I thought to myself: Bummer, now we have to have this conversation. Is this funny? It is a little humorous! That’s what makes me a little uncomfortable. Making fun of women can be a hairy situation, making fun of black women seems acceptable. I don’t know if I like that.

I also don’t know if I like men doing this. Tyler Perry has built an empire on cross dressing and telling black women a thing or two about themselves. It doesn’t seem like it’s hurting anyone, but the image of black women is a precarious one. And when men feel as though they’ve figured us out enough to mock us like this, it hurts my feeling

I’d like to think that I’m slightly more nuanced than what Sorrell has illustrated. I’d like to think you are too. You can’t sum up all black women in one three minute video. If you have issues with your image as a black women and you fight hard against defying stereotypes, please check out yesterday’s book review for Shifting: The Double Lives of Black Women in America.

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Are You a Shifter?

Standing at the bank I keep my hands out of my pockets and stand still. I wait until I am called by a teller before approaching an empty space at the counter. When she asks what my business is, I tell her in a clear voice,
“I would like to cash this check, please.”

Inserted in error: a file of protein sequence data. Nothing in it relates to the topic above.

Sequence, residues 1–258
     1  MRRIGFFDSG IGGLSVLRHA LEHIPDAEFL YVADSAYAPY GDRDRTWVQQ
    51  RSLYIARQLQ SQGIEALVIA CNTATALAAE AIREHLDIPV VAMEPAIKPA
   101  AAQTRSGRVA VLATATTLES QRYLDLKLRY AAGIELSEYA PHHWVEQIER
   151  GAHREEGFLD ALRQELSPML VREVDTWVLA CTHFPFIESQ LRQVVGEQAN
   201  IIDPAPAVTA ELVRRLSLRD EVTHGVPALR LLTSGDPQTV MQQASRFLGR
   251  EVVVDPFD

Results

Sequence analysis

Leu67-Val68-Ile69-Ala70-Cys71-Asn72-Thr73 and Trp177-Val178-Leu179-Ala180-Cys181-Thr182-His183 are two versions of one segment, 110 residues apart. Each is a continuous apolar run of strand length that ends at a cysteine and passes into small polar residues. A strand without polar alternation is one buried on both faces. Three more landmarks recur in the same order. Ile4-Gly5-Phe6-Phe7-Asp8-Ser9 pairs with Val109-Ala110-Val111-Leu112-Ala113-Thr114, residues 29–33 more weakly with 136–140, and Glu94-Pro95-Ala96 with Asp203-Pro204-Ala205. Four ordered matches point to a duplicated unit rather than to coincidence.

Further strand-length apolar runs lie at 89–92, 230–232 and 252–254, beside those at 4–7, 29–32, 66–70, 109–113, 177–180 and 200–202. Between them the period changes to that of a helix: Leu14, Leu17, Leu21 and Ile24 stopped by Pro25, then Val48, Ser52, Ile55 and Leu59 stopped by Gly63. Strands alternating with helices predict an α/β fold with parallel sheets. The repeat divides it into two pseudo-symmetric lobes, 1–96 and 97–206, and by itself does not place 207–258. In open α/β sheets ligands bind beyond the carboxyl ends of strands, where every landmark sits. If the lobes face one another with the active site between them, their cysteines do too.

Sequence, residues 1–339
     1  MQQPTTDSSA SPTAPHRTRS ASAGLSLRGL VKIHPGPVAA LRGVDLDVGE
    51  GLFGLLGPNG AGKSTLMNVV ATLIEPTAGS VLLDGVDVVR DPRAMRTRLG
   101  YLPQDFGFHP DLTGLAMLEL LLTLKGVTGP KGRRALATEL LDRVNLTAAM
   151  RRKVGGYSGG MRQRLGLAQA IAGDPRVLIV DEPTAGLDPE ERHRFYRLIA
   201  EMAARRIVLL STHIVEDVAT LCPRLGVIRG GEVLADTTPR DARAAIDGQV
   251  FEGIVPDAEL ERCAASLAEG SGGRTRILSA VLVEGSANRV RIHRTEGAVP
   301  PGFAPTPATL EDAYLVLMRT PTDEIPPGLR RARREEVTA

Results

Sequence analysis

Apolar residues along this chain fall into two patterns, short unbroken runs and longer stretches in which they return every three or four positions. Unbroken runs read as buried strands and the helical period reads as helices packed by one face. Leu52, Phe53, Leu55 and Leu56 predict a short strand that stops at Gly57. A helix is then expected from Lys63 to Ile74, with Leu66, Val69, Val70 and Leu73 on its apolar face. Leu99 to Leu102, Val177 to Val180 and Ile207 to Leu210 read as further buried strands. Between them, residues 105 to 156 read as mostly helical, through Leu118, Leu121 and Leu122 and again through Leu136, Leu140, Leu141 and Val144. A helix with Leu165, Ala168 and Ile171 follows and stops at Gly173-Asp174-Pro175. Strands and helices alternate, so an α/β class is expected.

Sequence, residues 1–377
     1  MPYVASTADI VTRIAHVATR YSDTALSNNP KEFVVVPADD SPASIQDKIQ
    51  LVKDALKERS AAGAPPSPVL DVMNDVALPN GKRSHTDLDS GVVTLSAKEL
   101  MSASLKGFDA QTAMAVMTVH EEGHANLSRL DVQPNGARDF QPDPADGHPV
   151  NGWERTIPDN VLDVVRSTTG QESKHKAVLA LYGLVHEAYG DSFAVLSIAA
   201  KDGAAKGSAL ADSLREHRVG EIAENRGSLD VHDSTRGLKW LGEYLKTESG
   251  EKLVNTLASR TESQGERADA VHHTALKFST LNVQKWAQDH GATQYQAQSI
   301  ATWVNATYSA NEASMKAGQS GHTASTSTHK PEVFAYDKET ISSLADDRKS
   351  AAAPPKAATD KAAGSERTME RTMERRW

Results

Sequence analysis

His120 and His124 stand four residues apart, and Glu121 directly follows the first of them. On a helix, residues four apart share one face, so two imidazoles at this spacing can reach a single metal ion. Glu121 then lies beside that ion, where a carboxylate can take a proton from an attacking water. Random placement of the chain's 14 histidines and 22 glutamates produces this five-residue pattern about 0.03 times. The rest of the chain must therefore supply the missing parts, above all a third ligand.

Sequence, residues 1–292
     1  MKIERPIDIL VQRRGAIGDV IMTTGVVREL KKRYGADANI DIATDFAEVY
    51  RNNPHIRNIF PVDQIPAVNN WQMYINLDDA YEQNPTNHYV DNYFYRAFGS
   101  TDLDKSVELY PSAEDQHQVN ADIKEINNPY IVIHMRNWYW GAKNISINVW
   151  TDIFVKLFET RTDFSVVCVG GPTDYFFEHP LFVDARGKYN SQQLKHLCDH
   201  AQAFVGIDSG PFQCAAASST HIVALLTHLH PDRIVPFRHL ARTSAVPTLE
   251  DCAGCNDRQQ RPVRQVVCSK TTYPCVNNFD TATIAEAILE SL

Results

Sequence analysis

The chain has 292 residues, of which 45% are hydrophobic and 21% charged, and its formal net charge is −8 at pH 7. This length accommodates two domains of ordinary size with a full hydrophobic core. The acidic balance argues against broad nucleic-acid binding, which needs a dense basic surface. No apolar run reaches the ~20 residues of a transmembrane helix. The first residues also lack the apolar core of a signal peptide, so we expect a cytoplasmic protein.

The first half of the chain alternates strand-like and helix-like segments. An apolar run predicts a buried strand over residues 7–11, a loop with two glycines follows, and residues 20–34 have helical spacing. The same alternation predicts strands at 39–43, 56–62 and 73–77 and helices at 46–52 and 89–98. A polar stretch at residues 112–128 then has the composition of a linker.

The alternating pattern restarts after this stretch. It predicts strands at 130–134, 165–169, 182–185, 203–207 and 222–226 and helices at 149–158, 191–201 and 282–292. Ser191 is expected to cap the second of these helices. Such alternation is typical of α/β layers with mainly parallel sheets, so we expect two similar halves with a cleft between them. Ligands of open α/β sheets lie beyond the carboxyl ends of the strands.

No one hears what happens but I do.
I shifted my voice. The teller, “Jennifer” doesn’t know it, but I’ve had changed my voice for her.

“And you have an account here?” she asks me.
She can’t find me in their computer. She’s going to need an ID.
I calmly tell her that the bank had misspelled my last name when they opened the account and it was never corrected. She nods and counts my money out to me.

The whole exchange lasts no longer than five minutes but by the time I leave, I finally feel like I can breathe. I get into the car with Noah and joke about robbing banks. We laugh about that and I notice I have shifted back. I’m using my “normal voice” with Noah because I’m relaxed. But with Jennifer, I used my high register, nothing-but-professional voice. In other words. . . my white voice.

I learned how to use my white voice from my mother. Mary was all professional when taking care of business on the phone. I could hear her in the next room sorting out a phone bill flub and using such a high register, I had to do a double take. Who is that talking? Not my mother. My mother was born and bred in Arkansas and uses African American Vernacular English (AAVE) with her family and other blacks. But when she wanted to be taken seriously, she shifted.

I learned to shift too. At an early age, I knew not to say “ain’t.” I grew up not telling a white friend things like: “I’m tired of foolin’ with Debbie, she’s so triflin’.” I knew in order to be taken seriously, I had to pronounce all of my “ing’s.”
 I learned to go along to get along.